3. Students must determine their availability:
    • When can they work?
    • How many hours do they want to work each week?
  4. Inform lib-hr of the position, student jobs are posted here


Once a student is selected:

  1. Supervisor submits form via Google form.

  2. lib-hr processes employment on Atlas

  3. lib-hr informes Judith Gallagher 


Further details for the IDLA process may be found here.





Temporary Employment Process

Process: Temporary Staff Hiring 

Effective immediately, lib-hr will be responsible for handling the processing of all MITemps temporary staff requests. Managers will continue to recruit temporary employees independently; lib-hr will liaise with NextSource, our vendor, to process the employment once a temporary employee has been selected. By implementing this revised process, we aim to enhance efficiency, maintain compliance with CBA requirements, and ensure a seamless experience for both hiring managers and temporary staff. A reminder: temporary employees assigned to union work have a one-year limit, and lib-hr will notify the union of hire status.


  • Temporary employee: Someone who is hired by a staffing agency or another third party.

  • MITemps: Individuals who are selected by MIT managers and referred to, screened, and hired by nextSource (our designated outside agency) for short-term assignments

  • NextSource: The vendor MIT uses to employ MITemps.

  • VNDLY: The system used by NextSource and MIT hiring managers to hire MITemps temporary staff and approve their timesheets.


  1.  Initiation of Temporary Staff Request:

  •  When a temporary staff need arises and the hiring manager has successfully recruited a temporary employee, the hiring manager will complete the "Temporary Staff Request Form" provided by lib-hr.

  • The form will capture essential details such as the position requirements, duration, hourly rate, and any specific job responsibilities. This form is identical to the VNDLY form with a few more additions that lib-hr incorporated. If you need help filling out the form, contact with your questions.

  • If hiring managers need support in securing temporary employment, please reach out to and our team will gladly assist you.

 2.      Submission of the Form:

  •  A pdf copy of the form can be found here; this should help with collecting the information necessary to fill out the form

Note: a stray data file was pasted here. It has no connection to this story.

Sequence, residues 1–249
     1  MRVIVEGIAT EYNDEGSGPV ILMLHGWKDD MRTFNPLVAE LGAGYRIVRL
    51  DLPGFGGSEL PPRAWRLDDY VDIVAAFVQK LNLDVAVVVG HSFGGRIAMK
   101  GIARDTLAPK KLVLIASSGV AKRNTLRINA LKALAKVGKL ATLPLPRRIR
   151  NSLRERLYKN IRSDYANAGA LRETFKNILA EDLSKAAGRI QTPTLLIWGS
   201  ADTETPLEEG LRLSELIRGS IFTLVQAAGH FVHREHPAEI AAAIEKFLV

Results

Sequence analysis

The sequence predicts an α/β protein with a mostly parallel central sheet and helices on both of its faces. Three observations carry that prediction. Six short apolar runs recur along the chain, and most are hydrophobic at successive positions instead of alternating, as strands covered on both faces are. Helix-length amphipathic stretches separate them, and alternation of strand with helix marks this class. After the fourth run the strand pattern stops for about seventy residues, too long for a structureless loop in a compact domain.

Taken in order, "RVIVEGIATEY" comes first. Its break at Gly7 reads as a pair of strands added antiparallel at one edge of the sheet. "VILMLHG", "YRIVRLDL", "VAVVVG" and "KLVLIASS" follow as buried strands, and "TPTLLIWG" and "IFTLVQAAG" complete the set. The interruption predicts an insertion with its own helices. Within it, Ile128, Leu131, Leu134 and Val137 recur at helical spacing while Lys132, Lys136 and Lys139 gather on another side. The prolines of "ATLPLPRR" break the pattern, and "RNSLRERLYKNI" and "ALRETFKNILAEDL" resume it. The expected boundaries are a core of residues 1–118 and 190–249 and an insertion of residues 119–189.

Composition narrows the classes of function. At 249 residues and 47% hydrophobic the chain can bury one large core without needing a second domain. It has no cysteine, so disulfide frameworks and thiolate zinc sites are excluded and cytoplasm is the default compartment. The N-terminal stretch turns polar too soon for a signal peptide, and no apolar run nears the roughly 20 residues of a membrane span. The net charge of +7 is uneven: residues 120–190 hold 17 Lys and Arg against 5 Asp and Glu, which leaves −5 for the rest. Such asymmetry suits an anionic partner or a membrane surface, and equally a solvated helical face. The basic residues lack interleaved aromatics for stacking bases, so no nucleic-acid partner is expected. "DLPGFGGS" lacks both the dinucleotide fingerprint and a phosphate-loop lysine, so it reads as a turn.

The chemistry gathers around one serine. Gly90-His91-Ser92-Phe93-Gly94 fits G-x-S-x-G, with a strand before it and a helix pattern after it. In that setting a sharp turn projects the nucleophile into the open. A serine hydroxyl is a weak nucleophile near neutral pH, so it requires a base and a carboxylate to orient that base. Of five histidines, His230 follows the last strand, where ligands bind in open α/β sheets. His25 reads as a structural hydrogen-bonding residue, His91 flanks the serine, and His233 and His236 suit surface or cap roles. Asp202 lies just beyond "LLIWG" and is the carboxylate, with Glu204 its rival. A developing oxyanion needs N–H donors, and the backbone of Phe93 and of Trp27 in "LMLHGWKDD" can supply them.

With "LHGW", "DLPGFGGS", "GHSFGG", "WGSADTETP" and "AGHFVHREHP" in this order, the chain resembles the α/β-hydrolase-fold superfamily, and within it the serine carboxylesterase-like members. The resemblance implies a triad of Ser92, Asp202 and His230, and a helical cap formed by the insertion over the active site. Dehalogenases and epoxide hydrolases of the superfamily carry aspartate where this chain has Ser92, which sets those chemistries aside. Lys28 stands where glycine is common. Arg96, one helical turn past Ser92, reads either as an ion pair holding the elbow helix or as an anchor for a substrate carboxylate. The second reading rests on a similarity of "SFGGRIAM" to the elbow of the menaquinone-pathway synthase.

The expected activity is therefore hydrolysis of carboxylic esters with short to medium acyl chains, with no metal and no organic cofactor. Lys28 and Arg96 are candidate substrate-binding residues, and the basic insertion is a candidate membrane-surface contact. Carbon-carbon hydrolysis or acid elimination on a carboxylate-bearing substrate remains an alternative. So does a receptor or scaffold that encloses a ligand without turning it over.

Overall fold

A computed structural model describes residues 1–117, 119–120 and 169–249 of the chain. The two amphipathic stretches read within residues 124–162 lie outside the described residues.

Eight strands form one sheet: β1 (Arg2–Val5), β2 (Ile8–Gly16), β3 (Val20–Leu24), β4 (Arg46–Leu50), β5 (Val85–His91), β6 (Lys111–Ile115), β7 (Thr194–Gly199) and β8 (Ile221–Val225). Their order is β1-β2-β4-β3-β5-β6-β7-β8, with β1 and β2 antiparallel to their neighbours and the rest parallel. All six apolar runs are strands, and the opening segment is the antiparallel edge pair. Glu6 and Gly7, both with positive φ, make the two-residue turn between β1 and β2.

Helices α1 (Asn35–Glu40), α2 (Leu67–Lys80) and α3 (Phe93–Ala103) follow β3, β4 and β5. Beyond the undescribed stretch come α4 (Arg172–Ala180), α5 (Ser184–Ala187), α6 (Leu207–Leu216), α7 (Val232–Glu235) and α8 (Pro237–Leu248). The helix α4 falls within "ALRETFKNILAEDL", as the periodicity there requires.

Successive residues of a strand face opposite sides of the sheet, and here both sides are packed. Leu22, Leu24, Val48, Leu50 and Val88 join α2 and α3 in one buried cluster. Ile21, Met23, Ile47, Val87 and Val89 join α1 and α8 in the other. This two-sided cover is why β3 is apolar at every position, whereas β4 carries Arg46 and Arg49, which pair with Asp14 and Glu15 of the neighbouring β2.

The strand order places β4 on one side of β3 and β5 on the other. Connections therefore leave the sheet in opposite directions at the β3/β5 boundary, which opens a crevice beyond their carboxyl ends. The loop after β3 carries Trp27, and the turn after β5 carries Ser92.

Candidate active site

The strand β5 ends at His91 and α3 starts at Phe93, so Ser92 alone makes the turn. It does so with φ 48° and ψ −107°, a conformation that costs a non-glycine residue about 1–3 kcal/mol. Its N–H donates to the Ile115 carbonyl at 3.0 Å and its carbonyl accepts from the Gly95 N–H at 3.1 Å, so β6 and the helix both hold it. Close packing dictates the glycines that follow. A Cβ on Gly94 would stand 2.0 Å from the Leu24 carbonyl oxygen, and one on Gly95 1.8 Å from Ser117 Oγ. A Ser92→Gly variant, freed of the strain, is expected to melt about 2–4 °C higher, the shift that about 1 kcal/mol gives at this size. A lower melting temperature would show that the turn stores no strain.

• The hiring manager will receive a copy of the submitted form for their own records

 3.      Review and Processing by lib-hr:

  •  Upon receiving the request form, lib-hr will review the information provided by the hiring manager for completeness and accuracy.

  •  If any clarification is required, lib-hr will communicate with the hiring manager promptly to resolve any discrepancies.


4.      Entering Temporary Employee Data on VNDLY

  • Lib-hr will enter the relevant details into the VNDLY system, which will generate the necessary records for the temporary employee.

 5.      Communication with Hiring Manager and reporting:

  • After entering the data on VNDLY, lib-hr will inform the hiring manager about the successful creation of the temporary employee record.

  • Instructions regarding timesheet approval will be provided to the manager by nextSource, ensuring a smooth workflow for managing the temporary employee's hours worked. The manager is responsible for approving weekly time sheets.

  • Fiscal-lib will also be kept apprised of all updates for financial reporting purposes.

 6.     Onboarding and Issuance of Temporary ID Cards and Kerb Accounts:

  •  lib-hr will collect the required information from the "Temporary Staff Request Form" to issue temporary ID cards and temporary kerb accounts for the newly hired temporary employees.

  • The temporary ID cards allow for the creation of a unique identifier which is essential to our records management. The temporary Kerb accounts will enable access to appropriate systems and resources during the temporary assignment.

  • The hiring manager is responsible for all other onboarding tasks. 

7.      Extension of Assignment:

  • lib-hr will reach out to hiring managers before the end date of the temporary assignment to assess the need to extend.

 8.      Termination and Offboarding:

  •  Upon completion of the temporary assignment, lib-hr will coordinate the termination process and ensure proper offboarding, including the return of ID cards and kerb account deactivation.